Meeting Paul Jenkins at his East London storage space, it’s clear that he is a man with a natural eye for style. His experience owning and running a graphic design company has given him a natural affinity for design and form.
When did you start trading and how did you get into this industry?
I have always had an interest in older items, furniture and pieces. I had a half-baked idea that I’d like to buy and sell but had no idea how to go about it. I then met my new partner who was a set decorator and she opened my eyes about where I could acquire the stuff and we both had a mutual excitement about mid century. We also felt that we had a unique eye that differed from other people selling furniture because a lot of people were focusing on Scandinavian and Danish whilst we were much more interested in the expressive furniture rather than the clean-lined Danish pieces. So, we gave birth to Proper together two and a half years ago.
As well as being a dealer, you have another job don’t you?
For thirty years, I’ve run a branding graphic design company, and whilst I still thoroughly enjoy working on this, I thought it would be healthy to have another interest running alongside it. I’ve found it great to have both projects going at once. It’s taken me about a year and a half to sort out how to split my time properly and it was a huge learning curve.
I had no idea about all the logistics involved before I got into it – we have to find the piece, get it from one place to another to photograph it, write all the detailed descriptions and measurements and only then can we list it on several different websites. Of course once someone has bought a piece, there’s all the back and forth with questions and queries, the payment and getting the piece to the buyer.
So when you first start out, you naively think ‘I’ll buy and sell a bit of furniture’! Luckily, I have certain systems in place now which have eased the stress.
What designers or periods are you particularly interested in?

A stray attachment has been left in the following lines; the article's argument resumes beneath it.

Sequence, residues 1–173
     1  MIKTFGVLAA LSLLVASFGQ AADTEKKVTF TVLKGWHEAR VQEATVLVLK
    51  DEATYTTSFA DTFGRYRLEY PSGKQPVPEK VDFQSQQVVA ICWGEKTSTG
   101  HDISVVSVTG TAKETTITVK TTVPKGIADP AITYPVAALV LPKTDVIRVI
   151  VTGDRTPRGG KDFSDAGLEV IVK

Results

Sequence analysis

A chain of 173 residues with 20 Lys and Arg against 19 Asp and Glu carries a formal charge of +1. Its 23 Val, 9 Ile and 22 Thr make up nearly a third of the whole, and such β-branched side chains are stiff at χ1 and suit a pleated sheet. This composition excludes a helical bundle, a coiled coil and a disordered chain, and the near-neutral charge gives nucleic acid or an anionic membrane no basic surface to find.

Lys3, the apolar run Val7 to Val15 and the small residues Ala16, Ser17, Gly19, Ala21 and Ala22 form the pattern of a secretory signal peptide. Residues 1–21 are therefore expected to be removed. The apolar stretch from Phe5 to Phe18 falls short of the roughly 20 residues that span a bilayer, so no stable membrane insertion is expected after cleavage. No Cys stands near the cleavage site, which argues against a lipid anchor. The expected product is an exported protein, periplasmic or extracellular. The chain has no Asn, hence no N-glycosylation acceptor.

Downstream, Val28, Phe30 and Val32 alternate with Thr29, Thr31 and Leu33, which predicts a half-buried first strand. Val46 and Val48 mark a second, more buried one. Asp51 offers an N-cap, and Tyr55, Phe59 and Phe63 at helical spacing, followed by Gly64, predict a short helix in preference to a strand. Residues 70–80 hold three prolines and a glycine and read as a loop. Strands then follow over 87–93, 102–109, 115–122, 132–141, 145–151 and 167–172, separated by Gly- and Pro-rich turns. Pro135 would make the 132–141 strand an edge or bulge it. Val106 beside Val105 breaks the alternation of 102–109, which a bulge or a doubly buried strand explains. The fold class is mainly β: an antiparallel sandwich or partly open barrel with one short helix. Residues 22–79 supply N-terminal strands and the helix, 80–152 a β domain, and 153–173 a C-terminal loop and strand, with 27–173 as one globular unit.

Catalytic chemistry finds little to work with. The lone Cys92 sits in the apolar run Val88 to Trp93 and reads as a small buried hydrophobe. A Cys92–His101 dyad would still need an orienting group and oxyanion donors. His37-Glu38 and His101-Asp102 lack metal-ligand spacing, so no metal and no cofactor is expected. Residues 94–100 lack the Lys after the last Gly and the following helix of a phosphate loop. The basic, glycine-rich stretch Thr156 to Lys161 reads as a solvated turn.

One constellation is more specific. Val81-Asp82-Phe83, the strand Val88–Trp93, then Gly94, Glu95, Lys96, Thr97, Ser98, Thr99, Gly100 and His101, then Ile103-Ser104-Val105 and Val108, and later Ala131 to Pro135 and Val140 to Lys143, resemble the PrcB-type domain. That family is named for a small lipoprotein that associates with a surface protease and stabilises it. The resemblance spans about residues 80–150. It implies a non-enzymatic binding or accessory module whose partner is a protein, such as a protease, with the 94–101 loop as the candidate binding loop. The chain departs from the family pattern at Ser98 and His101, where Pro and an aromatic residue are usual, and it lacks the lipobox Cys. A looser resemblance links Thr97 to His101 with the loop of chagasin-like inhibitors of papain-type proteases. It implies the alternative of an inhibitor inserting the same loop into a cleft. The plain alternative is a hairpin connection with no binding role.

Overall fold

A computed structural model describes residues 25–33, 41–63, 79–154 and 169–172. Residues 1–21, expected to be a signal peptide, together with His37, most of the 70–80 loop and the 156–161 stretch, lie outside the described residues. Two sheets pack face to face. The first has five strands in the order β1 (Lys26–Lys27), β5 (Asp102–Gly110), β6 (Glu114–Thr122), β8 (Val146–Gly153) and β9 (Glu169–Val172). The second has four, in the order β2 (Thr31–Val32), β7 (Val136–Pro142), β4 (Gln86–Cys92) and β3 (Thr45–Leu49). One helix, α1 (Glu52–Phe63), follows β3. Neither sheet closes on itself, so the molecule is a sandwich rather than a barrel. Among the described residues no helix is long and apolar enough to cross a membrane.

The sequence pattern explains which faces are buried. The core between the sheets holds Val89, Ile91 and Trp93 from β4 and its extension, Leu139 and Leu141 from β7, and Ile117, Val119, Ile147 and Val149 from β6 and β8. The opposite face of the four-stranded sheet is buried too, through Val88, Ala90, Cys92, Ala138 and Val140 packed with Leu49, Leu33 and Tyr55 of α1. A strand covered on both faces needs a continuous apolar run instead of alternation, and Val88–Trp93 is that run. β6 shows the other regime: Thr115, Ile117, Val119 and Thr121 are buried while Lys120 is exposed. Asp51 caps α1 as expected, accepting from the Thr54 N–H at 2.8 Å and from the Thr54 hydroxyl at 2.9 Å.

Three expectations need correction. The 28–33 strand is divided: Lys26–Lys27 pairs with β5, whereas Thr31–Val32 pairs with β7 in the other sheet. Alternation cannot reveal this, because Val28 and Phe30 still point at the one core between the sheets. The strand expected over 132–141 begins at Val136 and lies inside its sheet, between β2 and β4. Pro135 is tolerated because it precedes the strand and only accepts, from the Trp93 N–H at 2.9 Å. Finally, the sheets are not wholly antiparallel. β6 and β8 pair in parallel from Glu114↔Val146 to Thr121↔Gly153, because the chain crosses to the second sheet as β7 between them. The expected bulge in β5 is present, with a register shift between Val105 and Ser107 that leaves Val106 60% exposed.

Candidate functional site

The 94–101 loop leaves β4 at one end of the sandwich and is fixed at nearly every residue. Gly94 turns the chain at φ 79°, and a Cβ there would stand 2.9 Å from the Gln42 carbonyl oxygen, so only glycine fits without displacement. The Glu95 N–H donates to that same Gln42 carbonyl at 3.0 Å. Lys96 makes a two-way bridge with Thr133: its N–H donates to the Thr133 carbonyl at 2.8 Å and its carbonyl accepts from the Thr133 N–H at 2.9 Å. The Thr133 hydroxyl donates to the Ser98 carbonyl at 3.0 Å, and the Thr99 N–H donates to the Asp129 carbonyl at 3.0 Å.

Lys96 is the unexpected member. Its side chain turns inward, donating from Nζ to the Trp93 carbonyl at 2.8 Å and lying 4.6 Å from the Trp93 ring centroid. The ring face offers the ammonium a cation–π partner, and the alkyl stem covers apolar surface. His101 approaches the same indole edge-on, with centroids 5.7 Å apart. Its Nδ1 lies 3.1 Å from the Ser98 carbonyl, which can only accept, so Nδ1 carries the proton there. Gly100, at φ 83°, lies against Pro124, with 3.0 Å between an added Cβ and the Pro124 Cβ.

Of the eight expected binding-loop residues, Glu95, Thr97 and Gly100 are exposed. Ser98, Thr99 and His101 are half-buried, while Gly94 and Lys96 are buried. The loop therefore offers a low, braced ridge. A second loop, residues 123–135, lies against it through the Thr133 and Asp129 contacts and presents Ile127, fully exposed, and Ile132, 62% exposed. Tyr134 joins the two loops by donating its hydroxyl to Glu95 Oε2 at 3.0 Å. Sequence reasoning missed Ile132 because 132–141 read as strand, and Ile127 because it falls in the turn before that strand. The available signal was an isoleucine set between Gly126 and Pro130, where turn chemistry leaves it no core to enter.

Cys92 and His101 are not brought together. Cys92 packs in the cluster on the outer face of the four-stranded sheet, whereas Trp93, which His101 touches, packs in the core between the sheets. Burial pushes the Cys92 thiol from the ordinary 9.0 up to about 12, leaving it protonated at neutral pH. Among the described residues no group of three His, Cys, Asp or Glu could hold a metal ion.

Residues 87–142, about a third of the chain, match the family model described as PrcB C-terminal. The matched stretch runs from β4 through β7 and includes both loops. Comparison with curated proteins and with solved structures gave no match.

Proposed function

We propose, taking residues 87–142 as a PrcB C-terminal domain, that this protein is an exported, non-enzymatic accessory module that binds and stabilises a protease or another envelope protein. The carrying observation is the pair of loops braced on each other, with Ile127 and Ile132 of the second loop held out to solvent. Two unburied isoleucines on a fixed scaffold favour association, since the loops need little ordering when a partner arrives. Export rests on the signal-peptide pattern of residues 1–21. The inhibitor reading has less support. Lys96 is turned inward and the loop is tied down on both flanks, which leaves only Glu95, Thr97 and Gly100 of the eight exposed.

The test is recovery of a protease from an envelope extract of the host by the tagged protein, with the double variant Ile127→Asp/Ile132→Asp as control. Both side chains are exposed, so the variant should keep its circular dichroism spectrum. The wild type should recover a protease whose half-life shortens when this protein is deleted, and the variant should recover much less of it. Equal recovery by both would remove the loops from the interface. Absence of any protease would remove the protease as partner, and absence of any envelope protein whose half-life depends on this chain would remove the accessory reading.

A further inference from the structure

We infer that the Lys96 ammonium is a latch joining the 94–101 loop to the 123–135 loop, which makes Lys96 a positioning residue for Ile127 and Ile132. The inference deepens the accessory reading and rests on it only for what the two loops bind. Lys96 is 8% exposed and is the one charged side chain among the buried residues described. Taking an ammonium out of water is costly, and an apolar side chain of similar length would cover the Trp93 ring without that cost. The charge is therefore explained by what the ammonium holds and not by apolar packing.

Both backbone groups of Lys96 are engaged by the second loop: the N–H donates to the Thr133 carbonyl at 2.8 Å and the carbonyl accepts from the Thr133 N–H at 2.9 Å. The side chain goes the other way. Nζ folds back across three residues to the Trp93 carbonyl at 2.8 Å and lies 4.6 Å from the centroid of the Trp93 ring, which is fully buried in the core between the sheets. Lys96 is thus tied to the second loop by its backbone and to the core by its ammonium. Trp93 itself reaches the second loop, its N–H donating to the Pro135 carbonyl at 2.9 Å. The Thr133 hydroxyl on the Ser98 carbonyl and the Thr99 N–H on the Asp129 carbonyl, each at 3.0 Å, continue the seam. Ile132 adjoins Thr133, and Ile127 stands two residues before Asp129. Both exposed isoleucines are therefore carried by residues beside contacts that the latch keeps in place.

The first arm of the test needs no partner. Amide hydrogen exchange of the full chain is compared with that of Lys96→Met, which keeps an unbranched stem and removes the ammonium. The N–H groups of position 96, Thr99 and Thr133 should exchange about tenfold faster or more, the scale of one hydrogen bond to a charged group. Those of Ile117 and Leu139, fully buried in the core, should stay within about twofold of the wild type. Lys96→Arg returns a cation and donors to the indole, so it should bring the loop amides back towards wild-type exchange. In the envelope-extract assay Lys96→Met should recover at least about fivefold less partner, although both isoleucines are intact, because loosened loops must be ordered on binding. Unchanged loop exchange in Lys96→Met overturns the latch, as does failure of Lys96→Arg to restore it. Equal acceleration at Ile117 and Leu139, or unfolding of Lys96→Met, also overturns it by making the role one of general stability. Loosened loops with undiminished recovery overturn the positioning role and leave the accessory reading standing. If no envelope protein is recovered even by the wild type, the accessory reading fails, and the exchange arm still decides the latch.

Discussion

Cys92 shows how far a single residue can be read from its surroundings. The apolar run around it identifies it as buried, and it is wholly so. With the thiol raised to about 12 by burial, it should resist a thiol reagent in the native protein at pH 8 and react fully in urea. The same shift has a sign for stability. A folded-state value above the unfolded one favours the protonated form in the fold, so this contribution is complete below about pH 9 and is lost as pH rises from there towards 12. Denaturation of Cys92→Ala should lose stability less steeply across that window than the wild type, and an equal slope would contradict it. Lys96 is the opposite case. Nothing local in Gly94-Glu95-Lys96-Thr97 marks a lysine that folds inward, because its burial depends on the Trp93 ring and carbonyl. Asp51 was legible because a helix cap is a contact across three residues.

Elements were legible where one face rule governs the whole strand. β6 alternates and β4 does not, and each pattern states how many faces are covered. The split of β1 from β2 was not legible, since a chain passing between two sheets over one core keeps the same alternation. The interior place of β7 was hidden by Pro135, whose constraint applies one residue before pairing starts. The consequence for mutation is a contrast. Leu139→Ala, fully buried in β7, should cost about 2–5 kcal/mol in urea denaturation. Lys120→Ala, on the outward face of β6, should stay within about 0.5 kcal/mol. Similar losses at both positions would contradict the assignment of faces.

Anything from the fifties to the eighties, particularly Italian furniture. Belgium 1970s pieces tend to be more expressive than Danish or English.
Which countries do you mainly source your pieces from?
UK and Belgium at the moment.
Have you ever come across a particularly spectacular find and you just can’t believe you found it?
All the time! A UFO lamp by Luigi Colani, which I found sitting at the bottom of a cardboard box being sold for £20.
There was also a wonderful set of bathroom items like mirrors, soap dishes in really nice brightly coloured plastic moulded frames which I later found our was part of the Crayonne range for Habitat in the 1970s and suddenly you realise why you liked so much.
One of my biggest discoveries was Pieff – he was a British furniture designer for Heals and Harrods. I love their tables and shelves and will pretty much buy anything Pieff.
What’s your favourite piece you’re currently selling?
The Greaves Thomas sideboard – I can’t believe it, I bought it last week and thought ‘wow that’s really nice’!
What do you do when you aren’t working?
List my items on Layer! Apart from that, I’m a big movie buff and I love foreign travel to European cities and staying in nice hotels.
What is the first piece you ever sold?
It was a Plia chair by Giancarlo Piretti – it was the first collapsable chair that folded down to 30 centimetres.
Who is your typical customer?
It’s a split between private individuals and interior designers or people in the industry.
What is the most difficult and rewarding part of your job?
The most difficult, by far, is arranging the logistics of getting things to people! I have learnt to stick to UK delivery if possible. Also the fiddly renovation bits – a button missing or a tiny split on a piece – you can spend hours trying to resolve it. The most rewarding part is the buying! It’s so exciting.
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